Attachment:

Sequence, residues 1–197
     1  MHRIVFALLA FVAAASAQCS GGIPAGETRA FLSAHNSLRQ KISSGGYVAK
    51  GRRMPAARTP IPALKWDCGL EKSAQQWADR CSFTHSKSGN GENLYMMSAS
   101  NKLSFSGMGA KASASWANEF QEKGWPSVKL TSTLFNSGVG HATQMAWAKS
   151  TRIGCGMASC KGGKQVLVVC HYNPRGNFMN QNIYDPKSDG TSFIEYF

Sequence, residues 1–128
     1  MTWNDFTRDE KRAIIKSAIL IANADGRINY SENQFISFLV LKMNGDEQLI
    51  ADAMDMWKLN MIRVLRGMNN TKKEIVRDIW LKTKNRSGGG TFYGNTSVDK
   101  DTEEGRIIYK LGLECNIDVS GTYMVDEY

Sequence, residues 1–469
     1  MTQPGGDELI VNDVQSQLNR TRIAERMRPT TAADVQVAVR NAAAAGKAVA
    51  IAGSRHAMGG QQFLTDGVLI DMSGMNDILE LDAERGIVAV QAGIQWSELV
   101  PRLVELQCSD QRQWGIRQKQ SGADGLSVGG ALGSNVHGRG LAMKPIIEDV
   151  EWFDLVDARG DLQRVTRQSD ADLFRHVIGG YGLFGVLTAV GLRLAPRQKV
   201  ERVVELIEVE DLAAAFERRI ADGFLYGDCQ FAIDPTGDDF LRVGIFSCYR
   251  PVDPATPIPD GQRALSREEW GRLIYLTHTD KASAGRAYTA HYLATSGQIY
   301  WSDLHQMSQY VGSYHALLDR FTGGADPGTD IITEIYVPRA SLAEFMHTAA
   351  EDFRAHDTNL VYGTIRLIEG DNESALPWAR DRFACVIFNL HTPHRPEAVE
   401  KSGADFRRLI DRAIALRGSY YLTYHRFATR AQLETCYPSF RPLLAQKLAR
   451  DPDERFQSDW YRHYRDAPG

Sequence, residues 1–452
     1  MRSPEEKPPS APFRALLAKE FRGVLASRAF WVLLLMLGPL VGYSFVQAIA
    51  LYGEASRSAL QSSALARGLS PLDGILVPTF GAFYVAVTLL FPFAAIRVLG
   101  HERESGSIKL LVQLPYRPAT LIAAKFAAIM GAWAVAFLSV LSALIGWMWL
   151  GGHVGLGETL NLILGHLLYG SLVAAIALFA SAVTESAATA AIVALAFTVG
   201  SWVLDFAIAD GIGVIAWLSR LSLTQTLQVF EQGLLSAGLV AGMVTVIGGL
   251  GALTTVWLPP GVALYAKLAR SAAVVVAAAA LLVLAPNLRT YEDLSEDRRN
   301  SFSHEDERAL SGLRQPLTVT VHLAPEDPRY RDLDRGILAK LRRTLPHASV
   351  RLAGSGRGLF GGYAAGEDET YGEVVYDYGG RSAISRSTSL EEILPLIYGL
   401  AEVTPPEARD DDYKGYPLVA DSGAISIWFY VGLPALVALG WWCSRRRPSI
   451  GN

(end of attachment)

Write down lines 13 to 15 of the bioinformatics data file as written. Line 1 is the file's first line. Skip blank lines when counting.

   101  PRLVELQCSD QRQWGIRQKQ SGADGLSVGG ALGSNVHGRG LAMKPIIEDV
   151  EWFDLVDARG DLQRVTRQSD ADLFRHVIGG YGLFGVLTAV GLRLAPRQKV
   201  ERVVELIEVE DLAAAFERRI ADGFLYGDCQ FAIDPTGDDF LRVGIFSCYR